orange cone by yellow rape

Is it a road cone by a field of rape? Or is it a king leading his army into battle? Oh no, it’s another metaphor! ©Malcolm Raggett

The photograph has a powerful hold in many peoples’ minds as a reproduction of reality. Much has been written to dispel this myth but still it persists, perhaps because that is how most of us serve our photographic apprenticeship: recording photographically as an aid to memory. Yet one of the characteristics that is unique to our species (as far as we currently know) is our use of metaphor. It seems to be inate, starting with children seeing clouds that are shaped like animals through fictions that represent real life, to lines on paper that represent gods. Why then can’t aspiring photographers make the same associations in theirs and other photographs? Perhaps because the photographer never intended it? Or because the viewer never thought to push themselves outside their normal mental comfort zone?

As David Clapp pointed out in his talk, we strive for originality within familiarity but this diagram indicates we are not likely to find it there!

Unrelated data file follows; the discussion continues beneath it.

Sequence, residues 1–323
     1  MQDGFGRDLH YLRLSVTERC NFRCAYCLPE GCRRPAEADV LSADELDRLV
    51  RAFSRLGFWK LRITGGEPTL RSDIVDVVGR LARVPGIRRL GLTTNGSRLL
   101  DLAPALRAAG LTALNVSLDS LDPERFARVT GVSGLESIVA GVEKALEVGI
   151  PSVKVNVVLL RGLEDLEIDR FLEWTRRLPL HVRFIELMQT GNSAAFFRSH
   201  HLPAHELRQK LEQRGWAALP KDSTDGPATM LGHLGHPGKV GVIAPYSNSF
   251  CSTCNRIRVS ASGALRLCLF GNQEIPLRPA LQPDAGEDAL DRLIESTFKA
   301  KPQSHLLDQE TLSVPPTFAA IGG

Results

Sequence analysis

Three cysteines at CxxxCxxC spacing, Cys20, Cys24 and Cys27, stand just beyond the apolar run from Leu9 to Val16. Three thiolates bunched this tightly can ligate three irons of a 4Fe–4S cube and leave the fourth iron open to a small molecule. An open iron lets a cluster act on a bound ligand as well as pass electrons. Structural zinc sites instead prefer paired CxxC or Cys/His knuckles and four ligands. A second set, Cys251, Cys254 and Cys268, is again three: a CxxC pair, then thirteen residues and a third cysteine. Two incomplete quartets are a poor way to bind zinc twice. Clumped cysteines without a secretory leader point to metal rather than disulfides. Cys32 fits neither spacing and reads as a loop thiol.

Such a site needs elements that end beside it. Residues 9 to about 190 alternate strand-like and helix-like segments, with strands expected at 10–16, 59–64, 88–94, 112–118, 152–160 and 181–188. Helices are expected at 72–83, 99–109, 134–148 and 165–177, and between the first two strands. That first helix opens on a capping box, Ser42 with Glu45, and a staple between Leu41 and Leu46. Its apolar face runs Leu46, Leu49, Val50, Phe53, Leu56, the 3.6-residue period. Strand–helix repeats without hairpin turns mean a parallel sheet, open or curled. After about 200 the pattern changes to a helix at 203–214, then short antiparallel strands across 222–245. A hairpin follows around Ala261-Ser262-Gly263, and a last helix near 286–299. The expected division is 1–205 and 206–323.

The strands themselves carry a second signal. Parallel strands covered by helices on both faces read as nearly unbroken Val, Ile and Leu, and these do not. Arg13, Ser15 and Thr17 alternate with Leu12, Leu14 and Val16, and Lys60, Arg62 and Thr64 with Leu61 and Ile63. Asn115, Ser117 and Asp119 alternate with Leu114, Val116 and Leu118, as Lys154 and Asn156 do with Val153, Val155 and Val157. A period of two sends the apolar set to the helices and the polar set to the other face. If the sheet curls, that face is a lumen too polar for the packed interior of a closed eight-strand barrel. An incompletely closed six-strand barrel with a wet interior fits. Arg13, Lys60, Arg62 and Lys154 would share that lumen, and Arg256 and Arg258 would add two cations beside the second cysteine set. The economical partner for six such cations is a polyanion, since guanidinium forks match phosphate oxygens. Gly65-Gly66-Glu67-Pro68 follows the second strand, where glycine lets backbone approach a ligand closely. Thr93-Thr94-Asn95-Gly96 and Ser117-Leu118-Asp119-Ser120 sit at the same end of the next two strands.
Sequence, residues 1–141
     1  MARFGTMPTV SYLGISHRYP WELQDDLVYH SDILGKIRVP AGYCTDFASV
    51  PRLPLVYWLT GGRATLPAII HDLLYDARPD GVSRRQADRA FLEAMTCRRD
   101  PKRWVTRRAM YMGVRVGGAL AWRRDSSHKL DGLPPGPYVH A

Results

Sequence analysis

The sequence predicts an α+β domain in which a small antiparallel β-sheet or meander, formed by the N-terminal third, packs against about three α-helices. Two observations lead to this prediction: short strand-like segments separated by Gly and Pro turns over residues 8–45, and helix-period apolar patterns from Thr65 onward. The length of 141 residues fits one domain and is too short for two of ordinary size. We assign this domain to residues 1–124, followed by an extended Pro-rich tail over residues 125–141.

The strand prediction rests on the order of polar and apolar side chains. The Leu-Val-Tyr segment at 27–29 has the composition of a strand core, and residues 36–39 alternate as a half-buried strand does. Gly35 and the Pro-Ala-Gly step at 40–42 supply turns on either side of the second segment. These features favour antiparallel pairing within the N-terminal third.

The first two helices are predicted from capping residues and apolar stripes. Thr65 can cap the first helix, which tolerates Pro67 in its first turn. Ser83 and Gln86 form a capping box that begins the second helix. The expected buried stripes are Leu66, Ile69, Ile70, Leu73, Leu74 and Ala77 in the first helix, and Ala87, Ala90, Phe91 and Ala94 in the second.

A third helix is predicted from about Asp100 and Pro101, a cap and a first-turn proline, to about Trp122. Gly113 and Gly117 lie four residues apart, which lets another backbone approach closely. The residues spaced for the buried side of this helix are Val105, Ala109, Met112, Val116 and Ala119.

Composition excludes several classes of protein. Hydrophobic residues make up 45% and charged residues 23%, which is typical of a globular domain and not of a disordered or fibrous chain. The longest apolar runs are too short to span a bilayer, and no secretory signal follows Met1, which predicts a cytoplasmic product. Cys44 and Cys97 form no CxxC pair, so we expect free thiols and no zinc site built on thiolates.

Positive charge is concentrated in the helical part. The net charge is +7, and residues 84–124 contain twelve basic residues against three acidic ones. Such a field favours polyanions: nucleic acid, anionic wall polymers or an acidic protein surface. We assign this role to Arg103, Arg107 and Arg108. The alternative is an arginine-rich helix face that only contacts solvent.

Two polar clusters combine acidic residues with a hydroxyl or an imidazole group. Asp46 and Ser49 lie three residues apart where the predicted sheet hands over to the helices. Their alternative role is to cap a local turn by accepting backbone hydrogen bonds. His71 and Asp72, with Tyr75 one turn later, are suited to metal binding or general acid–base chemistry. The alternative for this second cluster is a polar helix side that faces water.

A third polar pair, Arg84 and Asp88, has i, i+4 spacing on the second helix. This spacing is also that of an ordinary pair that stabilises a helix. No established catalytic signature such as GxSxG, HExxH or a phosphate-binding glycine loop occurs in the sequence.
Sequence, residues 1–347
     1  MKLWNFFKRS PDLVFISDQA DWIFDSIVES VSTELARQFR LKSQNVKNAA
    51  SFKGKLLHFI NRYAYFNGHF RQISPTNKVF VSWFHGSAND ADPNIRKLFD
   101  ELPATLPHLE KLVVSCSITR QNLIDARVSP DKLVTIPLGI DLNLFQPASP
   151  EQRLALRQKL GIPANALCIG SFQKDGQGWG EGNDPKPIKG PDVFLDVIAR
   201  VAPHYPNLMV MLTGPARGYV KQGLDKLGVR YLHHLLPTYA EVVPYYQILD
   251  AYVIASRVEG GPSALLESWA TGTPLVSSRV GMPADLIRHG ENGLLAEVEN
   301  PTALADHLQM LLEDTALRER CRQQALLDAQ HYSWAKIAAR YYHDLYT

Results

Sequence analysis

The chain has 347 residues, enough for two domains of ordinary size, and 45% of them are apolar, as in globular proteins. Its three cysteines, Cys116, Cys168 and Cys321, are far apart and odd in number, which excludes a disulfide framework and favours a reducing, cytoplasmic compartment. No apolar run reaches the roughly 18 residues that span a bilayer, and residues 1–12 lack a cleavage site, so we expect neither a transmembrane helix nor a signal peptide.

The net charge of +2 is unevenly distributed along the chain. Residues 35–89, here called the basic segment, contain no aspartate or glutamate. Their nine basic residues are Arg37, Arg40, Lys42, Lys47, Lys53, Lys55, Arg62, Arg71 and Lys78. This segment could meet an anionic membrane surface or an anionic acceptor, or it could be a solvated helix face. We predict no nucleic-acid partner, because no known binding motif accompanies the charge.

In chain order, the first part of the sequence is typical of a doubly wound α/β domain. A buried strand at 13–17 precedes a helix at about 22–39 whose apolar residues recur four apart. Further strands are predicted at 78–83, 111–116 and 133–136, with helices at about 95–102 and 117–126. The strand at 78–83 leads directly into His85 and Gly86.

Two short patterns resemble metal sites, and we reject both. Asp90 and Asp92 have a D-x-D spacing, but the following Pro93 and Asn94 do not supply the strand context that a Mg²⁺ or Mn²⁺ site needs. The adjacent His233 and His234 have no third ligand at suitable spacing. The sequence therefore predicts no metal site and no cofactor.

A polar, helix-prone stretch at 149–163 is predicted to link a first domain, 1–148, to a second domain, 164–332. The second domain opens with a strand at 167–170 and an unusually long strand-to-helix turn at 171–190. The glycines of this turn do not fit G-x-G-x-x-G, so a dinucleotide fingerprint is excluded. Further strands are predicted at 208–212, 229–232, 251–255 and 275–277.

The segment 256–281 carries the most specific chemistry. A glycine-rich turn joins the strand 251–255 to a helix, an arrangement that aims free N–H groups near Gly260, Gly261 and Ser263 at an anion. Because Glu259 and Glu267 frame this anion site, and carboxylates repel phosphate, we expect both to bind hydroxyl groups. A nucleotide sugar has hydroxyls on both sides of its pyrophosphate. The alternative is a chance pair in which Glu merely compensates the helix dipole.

As David Clapp pointed out in his talk, we strive for originality within familiarity but this diagram indicates we are not likely to find it there!

I wonder if Jem Southam’s unuttered plea for delegates to think more deeply about their photography, to let go of the camera-as-craft and use it as a tool of enquiry, will have fallen on deaf ears. If a few people are encouraged along this line of thought then I think the conference will have been a success. It certainly helped me to see the different levels and diversity there is even within the narrowly defined scope of the conference. The conference was subtitled “A Meeting of Minds”; I do hope those minds have been encourages out of their comfort zones!

Nadav Kander and the aestheticisation of landscape

Nadav Kander’s latest landscape series “Dust” is exhibited at Flowers, Kingsland Road, London until 11 October 2014.

Nadav Kander, Dust.  Priozersk XIV (I was told she once held an oar) Kazakhstan 2011

Nadav Kander, Dust.
Priozersk XIV (I was told she once held an oar) Kazakhstan 2011